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African Trade Insurer tapped to insure $250 million landmark financing facility

Wednesday August 10, 2011

African Trade Insurer ATI took part in the signing of a historic deal on Monday on Monday 8 August, 2011. The deal is a $250 million seven-year loan facility arranged by a syndicate of local and global financiers, an Export Credit Agency and ATI ? Africa?s multilateral credit and investment insurer. The government of Tanzania will use the funds for infrastructure development, mainly in the areas of power and roads. This marks the first time Tanzania has sought commercial financing for its long-term development needs.

ATI was selected to insure a $50 million segment of the larger facility based on its key strengths: strong capitalization reinforcing ATI?s ability to pay claims; an investment grade rating by Standard & Poor?s rating agency; an ability to mobilize global insurers; and a Preferred Creditor Status, which acts as a deterrent against governments causing claims in any ATI-backed deal.

?Our unique structure ? we are the only multilateral insurer with a Pan African focus ? has helped us attract global financial and insurance partners who, in many instances would only invest in or insure a project with ATI?s participation. This is our value added. We are able to pave the way for increased financial and insurance capacity in countries that might otherwise be shunned by the international market as too high risk,? commented George Otieno, ATI?s Chief Executive Officer.

A combination of economic uncertainty in many donor countries and a growing interest in Africa from international investors may force some countries to look to alternative sources such as facilities like this for financing. Traditionally Sub-Saharan Africa countries have looked to donor funding and more recently, bond issuances to raise capital for infrastructure finance. But with decaying road, water and power networks that will require at least $93 billion a year to modernise, Tanzania?s initiative may be seen as a precursor to a larger trend as African countries strive to meet their development objectives.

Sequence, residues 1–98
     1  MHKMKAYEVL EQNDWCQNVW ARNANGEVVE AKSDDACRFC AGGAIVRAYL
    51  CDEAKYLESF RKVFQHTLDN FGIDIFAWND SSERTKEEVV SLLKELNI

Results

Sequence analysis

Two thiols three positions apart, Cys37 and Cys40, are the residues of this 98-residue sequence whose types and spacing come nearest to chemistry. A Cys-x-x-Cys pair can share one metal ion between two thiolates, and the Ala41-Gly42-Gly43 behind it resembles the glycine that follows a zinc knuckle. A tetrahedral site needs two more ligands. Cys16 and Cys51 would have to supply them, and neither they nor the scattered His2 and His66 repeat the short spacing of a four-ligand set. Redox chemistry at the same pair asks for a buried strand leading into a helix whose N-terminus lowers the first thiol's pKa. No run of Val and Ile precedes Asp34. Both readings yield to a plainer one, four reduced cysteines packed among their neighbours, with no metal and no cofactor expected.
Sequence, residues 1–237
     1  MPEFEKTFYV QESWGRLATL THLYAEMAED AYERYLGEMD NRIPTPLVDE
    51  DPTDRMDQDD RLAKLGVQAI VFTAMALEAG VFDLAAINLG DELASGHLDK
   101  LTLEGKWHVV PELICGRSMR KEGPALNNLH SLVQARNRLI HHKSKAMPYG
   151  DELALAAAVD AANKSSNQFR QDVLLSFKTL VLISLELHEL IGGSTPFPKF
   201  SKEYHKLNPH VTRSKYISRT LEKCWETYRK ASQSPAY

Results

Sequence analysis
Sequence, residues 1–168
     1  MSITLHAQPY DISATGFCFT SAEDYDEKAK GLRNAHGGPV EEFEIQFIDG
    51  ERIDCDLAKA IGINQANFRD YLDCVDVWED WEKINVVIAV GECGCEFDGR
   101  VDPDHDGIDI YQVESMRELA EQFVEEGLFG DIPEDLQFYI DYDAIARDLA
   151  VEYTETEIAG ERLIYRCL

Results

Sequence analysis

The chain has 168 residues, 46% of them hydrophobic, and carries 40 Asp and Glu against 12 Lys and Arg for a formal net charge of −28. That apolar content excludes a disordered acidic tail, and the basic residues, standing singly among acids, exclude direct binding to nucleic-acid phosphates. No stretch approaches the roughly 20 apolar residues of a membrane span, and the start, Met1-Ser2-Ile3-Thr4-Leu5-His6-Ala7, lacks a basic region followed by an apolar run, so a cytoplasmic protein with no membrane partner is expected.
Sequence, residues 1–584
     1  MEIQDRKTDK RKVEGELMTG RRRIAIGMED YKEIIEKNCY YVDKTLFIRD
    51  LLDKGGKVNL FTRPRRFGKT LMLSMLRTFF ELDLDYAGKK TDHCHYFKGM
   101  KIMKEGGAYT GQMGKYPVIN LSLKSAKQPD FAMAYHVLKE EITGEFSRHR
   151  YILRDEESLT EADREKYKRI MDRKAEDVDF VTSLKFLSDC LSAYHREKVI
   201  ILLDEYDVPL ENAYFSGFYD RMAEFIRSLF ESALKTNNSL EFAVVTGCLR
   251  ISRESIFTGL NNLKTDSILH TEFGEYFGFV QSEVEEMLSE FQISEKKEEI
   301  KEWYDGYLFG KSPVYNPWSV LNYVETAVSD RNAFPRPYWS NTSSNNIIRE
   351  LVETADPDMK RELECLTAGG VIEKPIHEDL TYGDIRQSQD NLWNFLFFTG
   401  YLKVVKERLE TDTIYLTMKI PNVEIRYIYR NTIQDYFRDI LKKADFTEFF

Donor aid statistics are encouraging but they do not take into account gaps in what is eventually received as well as recent price fluctuations of basic food commodities. While 2010 saw donor aid reach its highest level ever at $128.7 billion, a 6.5% increase over 2009, there is a gap in what has been promised and what has been received. Africa has only received $11 billion of the $25 billion pledged in 2005 at the G8 summit in Gleneagles.

In anticipation of growing demand, ATI has broadened its global network to include partnership agreements with Germany?s Official Export Credit Agency, Euler Hermes; the Export Credit Guarantee Company of Egypt (ECGC); America?s Overseas Private Investment Corporation (OPIC); the Saudi Fund for Development; and the Islamic Corporation for Insurance of Investments and Export Credit (ICIEC). And as a signal of ATI?s growing importance in the OECD market, SACE, Italy?s Export Credit Agency became a member of ATI with a $10 million investment in 2010.

Tanzania is a founding member of ATI. The country received close to $13 million worth of insurance support in 2010 covering the commercial and political risks of infrastructure projects. In 2010, ATI doubled its support of infrastructure projects over 2008 figures insuring projects in African member countries valued in the hundreds of millions of dollars.

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